Add 'Show Score' actions to display the 'Score' generated in CenarioVR.
On my results screen (the Lectora group that appears once the CenarioVR scenario completes), I want to display the user's 'Score' using a Lectora Text object.
To accomplish this, when the results screen is shown (via 'OnDone' actions), the contents of the Text Box is set to display the score achieved in CenarioVR, e.g. 5 / 5.
Before we add these actions, we must first find and understand 3 variables:
To find these variables, go to Tools > Variables > Reserved.
These variables were automatically created when you imported your CenarioVR package. But what do they do?
'CenarioVR_Scenario_Duration' contains the time in seconds the user takes to complete the CenarioVR scenario.
'CenarioVR_Scenario_Result' contains the result (passed, failed, completed) of your scenario.
And the one we’re after, 'CenarioVR_Scenario_Score’, contains the value from the ‘Score’ variable found in CenarioVR.
Please note: The values of the above variables are only set in Lectora after the CenarioVR scenario is marked as completed.
Using the 'CenarioVR_Scenario_Score’ variable, the actions work like this:
OnShow, Set the contents of 'Text Box' to '0 / 5' IF 'CenarioVR_Scenario_Score' = 0
OnShow, Set the contents of 'Text Box' to '1 / 5' IF 'CenarioVR_Scenario_Score' = 1
OnShow, Set the contents of 'Text Box' to '2 / 5' IF 'CenarioVR_Scenario_Score' = 2
OnShow, Set the contents of 'Text Box' to '3 / 5' IF 'CenarioVR_Scenario_Score' = 3
OnShow, Set the contents of 'Text Box' to '4 / 5' IF 'CenarioVR_Scenario_Score' = 4
OnShow, Set the contents of 'Text Box' to '5 / 5' IF 'CenarioVR_Scenario_Score' = 5
To access the 'CenarioVR_Scenario_Score' variable for the IF condition, use the variable dropdown list in the IF conditions panel.
Tips and tricks
As with anything, we did learn a couple of things which I would like to share with you.
Point 1: The size and resolution of the CenarioVR file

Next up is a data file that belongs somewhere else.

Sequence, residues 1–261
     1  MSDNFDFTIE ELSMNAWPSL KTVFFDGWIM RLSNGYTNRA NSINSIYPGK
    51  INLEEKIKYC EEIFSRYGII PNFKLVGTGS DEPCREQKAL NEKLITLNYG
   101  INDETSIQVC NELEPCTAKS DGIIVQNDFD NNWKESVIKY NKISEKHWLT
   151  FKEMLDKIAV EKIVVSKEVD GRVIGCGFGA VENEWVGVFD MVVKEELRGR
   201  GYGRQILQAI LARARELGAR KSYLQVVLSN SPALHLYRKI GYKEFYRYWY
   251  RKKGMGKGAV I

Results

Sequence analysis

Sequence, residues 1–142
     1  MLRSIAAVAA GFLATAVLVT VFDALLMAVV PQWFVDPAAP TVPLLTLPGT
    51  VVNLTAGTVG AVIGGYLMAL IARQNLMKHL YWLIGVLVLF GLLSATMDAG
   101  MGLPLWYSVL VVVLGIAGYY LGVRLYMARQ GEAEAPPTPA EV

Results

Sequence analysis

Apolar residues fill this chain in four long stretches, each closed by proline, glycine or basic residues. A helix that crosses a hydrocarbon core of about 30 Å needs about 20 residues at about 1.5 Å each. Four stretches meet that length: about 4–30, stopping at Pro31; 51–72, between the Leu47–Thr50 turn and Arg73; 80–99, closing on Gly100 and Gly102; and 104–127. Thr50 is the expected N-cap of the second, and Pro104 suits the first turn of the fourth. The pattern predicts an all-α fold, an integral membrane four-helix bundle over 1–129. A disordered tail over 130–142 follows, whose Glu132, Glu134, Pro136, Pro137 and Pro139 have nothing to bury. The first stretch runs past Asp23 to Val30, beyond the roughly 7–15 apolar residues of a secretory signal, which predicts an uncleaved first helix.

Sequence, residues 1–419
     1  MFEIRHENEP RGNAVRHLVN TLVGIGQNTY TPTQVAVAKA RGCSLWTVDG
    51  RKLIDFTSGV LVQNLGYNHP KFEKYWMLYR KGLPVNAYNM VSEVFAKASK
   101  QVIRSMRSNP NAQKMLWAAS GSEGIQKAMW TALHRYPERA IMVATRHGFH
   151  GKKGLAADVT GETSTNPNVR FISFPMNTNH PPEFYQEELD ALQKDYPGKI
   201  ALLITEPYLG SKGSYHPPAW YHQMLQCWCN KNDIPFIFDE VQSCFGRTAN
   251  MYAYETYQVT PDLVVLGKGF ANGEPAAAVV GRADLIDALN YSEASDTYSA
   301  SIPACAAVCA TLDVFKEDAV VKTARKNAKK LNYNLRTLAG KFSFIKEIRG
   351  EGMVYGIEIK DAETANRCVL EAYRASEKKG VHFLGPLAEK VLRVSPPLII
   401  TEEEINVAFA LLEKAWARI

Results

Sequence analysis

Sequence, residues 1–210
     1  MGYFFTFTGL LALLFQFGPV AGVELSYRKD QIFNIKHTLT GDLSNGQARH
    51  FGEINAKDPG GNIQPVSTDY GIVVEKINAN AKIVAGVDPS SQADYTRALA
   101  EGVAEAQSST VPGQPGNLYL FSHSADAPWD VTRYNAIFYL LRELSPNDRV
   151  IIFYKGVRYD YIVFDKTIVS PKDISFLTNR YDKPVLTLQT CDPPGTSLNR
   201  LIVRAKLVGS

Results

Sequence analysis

As the users were accessing the content from their mobile devices, we had to make sure the content ran as smoothly as possible.
Using the ‘CenarioVR 360 Video Compression Guidelines’ found on the CenarioVR website, we discovered that we needed to reduce the quality of the 360 footage from 4K to HD. If we had left the 360 video as 4K, the scenario would sometimes struggle to load and cause the video itself to become very choppy.
The client also had restrictions on the size of the package they could upload to their LMS. This meant we had to keep all resource file sizes to a minimum. Fortunately, as we had already reduced the 360 video quality to HD rather than 4K (thus reducing the file size), this problem had already been solved.
Point 2: We had to create a workaround for replaying the scenario in Lectora
The way we have set up this activity in Lectora, it is currently impossible to reset your CenarioVR scenario without leaving or refreshing the page. However, we did create a workaround for this which involves jumping to and from a placeholder page. This works ok, but a dedicated function would be much appreciated.
Point 3: Plan the positioning of objects inside of CenarioVR
As the target device was an iPhone in portrait mode, we had to make sure everything fit on screen. As you can see below, the progress bar and timer fit perfectly on screen and means the user doesn’t miss out on anything.
This dedicated feature to add CenarioVR content into a Lectora course is simply awesome. CenarioVR actually talks to Lectora, giving you variables to play with.
With no coding needed, this simple solution enables your CenarioVR content to be a part of a much bigger learning experience.
My full presentation from the eLearning Brothers user conference can be watched here:
If you have any questions or are interested in Transition developing content for you, please get in touch below. You can also connect with and message me on LinkedIn, Jack Gayler.
In the meantime, check out our interactive video showcase on videointeract.co.uk